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This website provides resources on Persistent Organic Pollutants (POPs) such as pesticides, dioxins, PCBs, and wastes. Valuable examples of community monitoring of health and environmental impacts of toxic chemicals are also furnished.

Further, there is an entire section devoted to chemical safety in its proper socio-political context or in relation to issues such as globalization and people's empowerment.


Global demonstration against waste and pollution launched

By Pesticide Action Network Philippines

Manila – An international coalition of activists today launched the 3rd Global Day of Action against Waste (GDAW) citing the increasing health impacts of polluting waste disposal practices which affect mainly children throughout the world.

More than a hundred groups from 35 countries participated this year in what has become an annual day of protest against unsustainable and dangerous waste disposal systems. Coordinated by the Global Alliance for Incinerator Alternatives (GAIA), this year’s protest highlighted recent evidence from the World Health Organization which indicates that more than 3 million children under the age of five are dying each year because of polluted air and water and exposure to other environmental hazards.

“To be really blunt about it, the worsening levels of pollution worldwide are killing children. Governments are obviously failing to protect children and the human population at large from harmful chemical assaults resulting from unsustainable and irresponsible practices such as incineration,” according to Von Hernandez, Co-Coordinator, GAIA.

Incinerators are linked to serious environmental health threats. Incineration alone is responsible for 69 percent of global emissions of the notorious pollutant dioxin which is linked to cancer, immune and reproductive system disorders, birth defects, and other health threats. Incineration is also a primary source of mercury, a potent neurotoxin, which builds up in the environment - especially aquatic ecosystems - and affects the brain, spinal cord, kidneys and liver. It is especially harmful to pregnant women and children.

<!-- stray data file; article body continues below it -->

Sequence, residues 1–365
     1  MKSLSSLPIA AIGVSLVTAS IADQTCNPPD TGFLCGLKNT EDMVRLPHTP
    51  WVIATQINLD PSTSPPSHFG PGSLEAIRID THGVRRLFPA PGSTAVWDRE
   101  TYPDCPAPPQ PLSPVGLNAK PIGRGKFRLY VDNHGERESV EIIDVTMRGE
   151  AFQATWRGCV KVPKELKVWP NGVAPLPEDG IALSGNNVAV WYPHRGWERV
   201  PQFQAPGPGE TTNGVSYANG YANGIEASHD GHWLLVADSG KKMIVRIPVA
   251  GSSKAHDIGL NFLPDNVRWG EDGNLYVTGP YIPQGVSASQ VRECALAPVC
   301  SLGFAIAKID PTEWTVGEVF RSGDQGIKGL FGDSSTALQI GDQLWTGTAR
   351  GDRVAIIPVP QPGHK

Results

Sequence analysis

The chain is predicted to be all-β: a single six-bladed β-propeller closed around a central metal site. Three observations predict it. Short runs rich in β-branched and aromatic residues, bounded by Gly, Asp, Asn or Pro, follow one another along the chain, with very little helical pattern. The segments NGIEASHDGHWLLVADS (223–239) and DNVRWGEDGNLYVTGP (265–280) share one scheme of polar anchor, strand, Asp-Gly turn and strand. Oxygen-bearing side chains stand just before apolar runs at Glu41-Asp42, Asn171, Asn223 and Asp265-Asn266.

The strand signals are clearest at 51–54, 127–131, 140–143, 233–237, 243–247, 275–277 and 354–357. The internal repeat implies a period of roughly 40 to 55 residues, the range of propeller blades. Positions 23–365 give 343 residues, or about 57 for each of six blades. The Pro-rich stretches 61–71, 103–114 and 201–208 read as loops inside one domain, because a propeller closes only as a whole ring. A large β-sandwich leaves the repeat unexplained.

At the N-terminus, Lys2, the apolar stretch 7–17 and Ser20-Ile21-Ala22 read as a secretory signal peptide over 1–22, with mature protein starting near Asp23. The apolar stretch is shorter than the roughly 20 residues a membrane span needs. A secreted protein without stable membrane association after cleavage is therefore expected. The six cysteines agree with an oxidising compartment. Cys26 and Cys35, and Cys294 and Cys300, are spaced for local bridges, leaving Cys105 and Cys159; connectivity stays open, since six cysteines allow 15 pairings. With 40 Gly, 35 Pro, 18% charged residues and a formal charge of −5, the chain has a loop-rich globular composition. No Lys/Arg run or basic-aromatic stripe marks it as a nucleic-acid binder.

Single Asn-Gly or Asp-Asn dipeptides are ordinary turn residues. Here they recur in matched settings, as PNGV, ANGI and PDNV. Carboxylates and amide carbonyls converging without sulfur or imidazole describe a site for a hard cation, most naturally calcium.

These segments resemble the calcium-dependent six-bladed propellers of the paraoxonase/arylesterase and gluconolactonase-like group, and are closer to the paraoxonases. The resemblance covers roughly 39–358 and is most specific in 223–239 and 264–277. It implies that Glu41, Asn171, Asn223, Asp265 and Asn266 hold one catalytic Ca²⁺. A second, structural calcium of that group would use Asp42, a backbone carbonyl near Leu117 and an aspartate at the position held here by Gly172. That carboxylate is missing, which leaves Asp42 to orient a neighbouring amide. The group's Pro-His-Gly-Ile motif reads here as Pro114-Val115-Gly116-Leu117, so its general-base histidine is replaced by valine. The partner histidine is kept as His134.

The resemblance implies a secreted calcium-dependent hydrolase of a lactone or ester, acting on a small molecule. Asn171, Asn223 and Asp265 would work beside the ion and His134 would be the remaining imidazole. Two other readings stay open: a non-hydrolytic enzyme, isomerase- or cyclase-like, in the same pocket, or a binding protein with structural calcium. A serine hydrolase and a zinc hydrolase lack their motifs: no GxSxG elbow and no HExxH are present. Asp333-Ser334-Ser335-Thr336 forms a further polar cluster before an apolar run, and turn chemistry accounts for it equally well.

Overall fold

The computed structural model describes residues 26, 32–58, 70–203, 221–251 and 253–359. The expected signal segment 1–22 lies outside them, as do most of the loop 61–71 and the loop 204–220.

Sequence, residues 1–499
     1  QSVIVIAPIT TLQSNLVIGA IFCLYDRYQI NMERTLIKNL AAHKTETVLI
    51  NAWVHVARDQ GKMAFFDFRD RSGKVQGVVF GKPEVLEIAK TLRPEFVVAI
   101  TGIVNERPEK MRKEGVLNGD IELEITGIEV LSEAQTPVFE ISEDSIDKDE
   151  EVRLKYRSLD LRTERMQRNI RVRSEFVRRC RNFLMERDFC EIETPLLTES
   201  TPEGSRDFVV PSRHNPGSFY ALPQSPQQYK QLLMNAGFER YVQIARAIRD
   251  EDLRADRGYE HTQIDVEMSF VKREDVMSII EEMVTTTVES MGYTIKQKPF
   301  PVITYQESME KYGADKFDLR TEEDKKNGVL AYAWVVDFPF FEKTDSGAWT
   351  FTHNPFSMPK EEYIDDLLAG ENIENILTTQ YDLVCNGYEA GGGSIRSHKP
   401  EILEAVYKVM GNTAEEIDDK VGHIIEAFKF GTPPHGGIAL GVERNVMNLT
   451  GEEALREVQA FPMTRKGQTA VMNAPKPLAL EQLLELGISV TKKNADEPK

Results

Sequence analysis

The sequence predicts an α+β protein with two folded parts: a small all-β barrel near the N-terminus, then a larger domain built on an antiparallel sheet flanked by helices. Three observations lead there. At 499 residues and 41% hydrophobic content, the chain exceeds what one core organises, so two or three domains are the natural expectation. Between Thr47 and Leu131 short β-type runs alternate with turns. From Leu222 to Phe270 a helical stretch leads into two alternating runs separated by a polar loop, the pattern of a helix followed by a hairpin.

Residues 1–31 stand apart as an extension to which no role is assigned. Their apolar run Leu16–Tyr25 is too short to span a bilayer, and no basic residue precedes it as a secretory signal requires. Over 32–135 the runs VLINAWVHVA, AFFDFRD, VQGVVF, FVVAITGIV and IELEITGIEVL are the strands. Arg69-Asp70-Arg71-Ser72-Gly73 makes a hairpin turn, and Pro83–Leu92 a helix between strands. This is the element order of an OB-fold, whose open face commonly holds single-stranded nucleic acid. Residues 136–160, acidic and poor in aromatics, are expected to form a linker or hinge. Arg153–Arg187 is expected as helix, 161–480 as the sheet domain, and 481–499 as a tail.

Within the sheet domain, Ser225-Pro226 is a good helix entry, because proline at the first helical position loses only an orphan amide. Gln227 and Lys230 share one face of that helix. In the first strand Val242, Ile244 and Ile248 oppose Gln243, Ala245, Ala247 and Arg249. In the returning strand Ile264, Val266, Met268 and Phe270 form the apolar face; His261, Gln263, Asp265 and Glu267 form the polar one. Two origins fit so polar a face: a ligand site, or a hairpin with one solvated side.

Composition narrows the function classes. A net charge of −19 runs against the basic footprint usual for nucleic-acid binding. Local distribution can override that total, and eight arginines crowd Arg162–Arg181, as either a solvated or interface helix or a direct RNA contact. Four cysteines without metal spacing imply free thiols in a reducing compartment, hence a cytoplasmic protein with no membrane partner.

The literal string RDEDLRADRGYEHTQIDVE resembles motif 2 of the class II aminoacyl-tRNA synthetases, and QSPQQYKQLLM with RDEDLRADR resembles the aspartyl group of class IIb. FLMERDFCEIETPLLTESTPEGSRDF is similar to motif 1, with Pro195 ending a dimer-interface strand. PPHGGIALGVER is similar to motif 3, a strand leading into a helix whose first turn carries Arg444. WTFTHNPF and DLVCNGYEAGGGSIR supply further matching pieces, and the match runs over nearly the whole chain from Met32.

“Many people are unaware that even backyard burning of household waste produces toxic gases and particulate matter that spread over wide distances, and can remain suspended for some time in the air where the trash was burnt. Families exposed to frequent burning of household waste in their neighborhood are at a risk for inhaling toxic by-products of burning such as dioxins and furans, which have been shown to be associated with cancer, weakening of the immune system, reproductive disorders, and other diseases. Children are especially susceptible because their natural defenses are not yet fully developed.” says Dr. Romeo Quijano, a toxicologist from the UP College of Medicine, and president of Pesticide Action Network Philippines (PAN Phils.).

In addition to the immediate pollution they create, incinerators and landfills also perpetuate wasteful and unsustainable production and consumption systems. Incinerators destroy resources, which would be better conserved for future use given the increasing pressure to harvest finite natural resources.

“Available evidence worldwide from various academic, governmental and international institutions indicate that many of the chemicals coming out of dumpsites, landfills and incinerators have also now been found in the human body. The fact that everyone is now contaminated with these harmful pollutants proves that we are now dangerously skirting the edge of the ecological precipice. How much harm are we willing to accept before we abandon these deadly ways of managing society’s discards,” added Hernandez.

GAIA is an international coalition of community-based organizations, research and policy advocacy institutions, citizen pressure groups and other nonprofit organizations and individuals working together to promote clean production, zero waste and sustainable discard management systems. GAIA members which now number 470 in 75 countries are committed to ending waste incineration and advancing real solutions to the waste crisis. A member of GAIA, PAN Philippines is a non-government organization that has engaged in various activities related to pesticides, health and environment for almost a decade now.


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